How Credit Works As a Tool

Credit is mutually needed by companies and customers for a number of reasons. Companies use credit as their marketing tool to increase their profits and revenue. If a company has a high ticket item or goods that have a high value or considered as luxury goods and a customer is interested but the price is out of its reach, the company will then extend credit terms. A reasonable credit term makes the products and services much more affordable for customers.

If the company has a high ticket item and they do not have a credit policy, they will lose customers. Not only that, they will lose their market share and profit to their competitors. The company's only caution in giving a flexible credit extension to a customer is to check on its way of handling its first credit opportunity. It will determine how he is valued and perceived by other creditors. It will also determine its credit worth.

The customer's credit profile will determine the type of interest rate that will be extended to him. If his credit rating is excellent, then the customer will most likely receive the most favorable rates available. However if the customer's credit reputation is less favorable, he will be given a higher rate of interest because he poses more risk to an organization. In order to compensate that risk, the customer is charged a higher rate of interest.

Unfortunately, some consumers abuse their credit by overextending their purchases. Some companies and organizations can sometimes be blamed by extending credit to those who are not really qualified. They tend to focus more on having a lot of customers and get a big share of the market that they have neglected to implement the basic parameters of extending credits to only those who are fairly or more than qualified and grant it to those who belong to high credit risk people.

For the consumers, a ruined credit reputation will take some time to repair. It depends on the severity of the delinquency and the manner in which the consumer handled it.

Recently, some companies cut back on the amount of credit that they extend to their customers because of the recent economic downhill. There is a certainty that a percentage of these consumers or clients will be laid off and their chance of recovering is slim. These customers may not even get the chance of getting their receivables from the company they worked for.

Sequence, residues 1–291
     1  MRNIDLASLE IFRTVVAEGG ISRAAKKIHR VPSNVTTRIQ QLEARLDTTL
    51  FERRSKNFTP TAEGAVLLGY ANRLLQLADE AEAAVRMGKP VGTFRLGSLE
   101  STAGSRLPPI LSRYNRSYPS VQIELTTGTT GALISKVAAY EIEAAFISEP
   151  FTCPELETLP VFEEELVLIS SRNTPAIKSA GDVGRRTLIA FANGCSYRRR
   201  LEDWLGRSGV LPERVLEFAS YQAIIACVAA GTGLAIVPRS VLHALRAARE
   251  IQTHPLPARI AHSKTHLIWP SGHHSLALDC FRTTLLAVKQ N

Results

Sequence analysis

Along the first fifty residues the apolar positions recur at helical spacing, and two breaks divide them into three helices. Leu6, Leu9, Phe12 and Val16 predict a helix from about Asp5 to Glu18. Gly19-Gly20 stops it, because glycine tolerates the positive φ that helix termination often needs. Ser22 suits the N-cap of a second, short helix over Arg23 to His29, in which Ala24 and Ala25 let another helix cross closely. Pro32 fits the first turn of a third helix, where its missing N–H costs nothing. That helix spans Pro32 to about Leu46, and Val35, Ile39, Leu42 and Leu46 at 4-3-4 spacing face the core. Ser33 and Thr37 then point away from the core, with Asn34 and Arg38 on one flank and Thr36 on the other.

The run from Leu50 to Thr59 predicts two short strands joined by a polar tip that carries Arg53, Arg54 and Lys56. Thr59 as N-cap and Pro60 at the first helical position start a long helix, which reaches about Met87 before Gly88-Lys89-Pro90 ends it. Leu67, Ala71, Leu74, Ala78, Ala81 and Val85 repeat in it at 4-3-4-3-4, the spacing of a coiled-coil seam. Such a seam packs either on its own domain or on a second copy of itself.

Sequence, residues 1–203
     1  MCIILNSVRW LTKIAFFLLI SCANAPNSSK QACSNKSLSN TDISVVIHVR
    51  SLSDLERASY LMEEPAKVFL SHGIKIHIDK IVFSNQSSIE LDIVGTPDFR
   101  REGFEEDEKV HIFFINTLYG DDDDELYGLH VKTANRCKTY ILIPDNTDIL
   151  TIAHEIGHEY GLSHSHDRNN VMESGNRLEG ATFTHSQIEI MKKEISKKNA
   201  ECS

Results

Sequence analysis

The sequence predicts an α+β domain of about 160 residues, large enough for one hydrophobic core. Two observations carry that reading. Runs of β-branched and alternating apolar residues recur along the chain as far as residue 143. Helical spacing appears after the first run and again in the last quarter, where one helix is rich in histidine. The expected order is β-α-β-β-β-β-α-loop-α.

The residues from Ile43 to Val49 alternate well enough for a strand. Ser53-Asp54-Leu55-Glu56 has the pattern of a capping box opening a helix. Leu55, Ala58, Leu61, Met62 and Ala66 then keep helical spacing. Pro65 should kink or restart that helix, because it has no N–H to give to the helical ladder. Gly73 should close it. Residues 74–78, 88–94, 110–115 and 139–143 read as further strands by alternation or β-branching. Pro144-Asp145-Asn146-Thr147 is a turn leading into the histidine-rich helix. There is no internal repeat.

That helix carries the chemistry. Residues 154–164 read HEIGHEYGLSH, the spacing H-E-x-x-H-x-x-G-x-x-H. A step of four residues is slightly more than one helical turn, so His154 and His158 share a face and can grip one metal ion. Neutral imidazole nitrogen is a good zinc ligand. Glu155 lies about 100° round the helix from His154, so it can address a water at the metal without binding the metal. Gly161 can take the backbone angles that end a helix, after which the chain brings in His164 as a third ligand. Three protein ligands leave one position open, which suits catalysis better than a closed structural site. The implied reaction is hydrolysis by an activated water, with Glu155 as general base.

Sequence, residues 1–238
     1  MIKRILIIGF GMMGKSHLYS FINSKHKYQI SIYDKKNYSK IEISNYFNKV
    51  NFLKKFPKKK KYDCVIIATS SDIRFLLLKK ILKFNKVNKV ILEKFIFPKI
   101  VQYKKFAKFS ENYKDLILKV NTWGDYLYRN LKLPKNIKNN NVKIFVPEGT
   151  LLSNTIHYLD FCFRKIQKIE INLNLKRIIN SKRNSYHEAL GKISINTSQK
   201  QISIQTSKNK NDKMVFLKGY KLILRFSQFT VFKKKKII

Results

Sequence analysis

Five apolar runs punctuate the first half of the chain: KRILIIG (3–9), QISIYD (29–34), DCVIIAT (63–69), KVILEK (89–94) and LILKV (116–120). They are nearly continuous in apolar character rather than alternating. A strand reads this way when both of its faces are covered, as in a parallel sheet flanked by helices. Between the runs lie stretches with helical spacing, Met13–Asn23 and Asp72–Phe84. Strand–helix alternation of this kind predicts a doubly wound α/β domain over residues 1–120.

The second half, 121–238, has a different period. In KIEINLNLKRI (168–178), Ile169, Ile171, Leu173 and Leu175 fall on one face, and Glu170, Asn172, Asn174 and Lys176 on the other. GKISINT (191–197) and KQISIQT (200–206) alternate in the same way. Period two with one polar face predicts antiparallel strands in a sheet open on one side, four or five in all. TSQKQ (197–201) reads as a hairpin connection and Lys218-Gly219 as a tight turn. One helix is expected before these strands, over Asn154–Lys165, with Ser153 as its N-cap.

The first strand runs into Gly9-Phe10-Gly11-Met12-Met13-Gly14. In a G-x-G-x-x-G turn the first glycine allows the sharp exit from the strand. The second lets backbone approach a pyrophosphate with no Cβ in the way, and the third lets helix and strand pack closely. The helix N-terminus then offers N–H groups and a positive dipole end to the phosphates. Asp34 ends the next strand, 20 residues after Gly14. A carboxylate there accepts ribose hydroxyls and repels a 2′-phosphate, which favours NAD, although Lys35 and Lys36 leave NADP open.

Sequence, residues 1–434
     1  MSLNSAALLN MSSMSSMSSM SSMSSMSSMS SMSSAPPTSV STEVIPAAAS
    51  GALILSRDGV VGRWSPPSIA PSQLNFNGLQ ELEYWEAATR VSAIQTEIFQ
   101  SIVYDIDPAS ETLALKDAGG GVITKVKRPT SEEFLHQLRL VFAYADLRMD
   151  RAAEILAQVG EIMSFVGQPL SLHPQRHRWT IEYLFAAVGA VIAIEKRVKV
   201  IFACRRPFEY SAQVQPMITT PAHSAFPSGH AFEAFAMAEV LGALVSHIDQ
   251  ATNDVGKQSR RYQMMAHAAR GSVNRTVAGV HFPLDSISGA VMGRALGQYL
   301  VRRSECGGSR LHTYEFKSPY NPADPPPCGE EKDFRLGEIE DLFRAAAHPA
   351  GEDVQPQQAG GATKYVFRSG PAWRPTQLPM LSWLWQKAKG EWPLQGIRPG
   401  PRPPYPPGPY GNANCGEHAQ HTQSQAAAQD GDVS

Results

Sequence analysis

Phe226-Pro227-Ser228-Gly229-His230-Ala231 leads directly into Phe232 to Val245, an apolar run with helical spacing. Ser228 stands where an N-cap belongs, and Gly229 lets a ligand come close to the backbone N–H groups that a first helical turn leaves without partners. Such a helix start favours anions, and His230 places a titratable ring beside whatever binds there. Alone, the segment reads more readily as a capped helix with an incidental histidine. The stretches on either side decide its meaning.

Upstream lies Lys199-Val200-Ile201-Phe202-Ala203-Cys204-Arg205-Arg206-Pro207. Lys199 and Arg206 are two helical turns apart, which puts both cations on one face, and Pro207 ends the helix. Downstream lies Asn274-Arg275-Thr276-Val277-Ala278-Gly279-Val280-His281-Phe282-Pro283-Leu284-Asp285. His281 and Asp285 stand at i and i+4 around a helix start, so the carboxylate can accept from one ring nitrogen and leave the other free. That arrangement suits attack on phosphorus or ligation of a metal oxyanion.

There are 4 basic types of credit:

• Service credit – is your monthly payments for utilities such as telephone, gas, electricity, and water. You often have to pay a deposit, and you may pay a late charge if your payment is not on time.

• Loans – let you borrow small or large amounts of cash payable either within a few days or several years. Money can be repaid in one lump sum or in multiple regular payments until the amount you borrowed and the finance charges are paid in full.

• Installment credit – described as buying on time, funded through the store or through the easy payment plan. The borrower takes the goods home in exchange for a promise to pay later. Cars, major appliances, and furniture are often purchased this way. A contract will be drawn, the customer will pay an initial payment, and agree to pay the balance with a specified number of equal payments called installments. The finance charges are included in the payments. The item you purchase may be used as security for the loan.

• Credit cards – are issued by individual retail stores, banks, or businesses. Using a credit card can be the equivalent of an interest-free loan – if you pay for the use of it in full at the end of each month.

Credit is just a tool, and tools are only as dangerous as the people who use them. To minimize the dangers to your financial health, choose your spending wisely. Think twice before taking the spending plunge.

Source by Delphine Tonel

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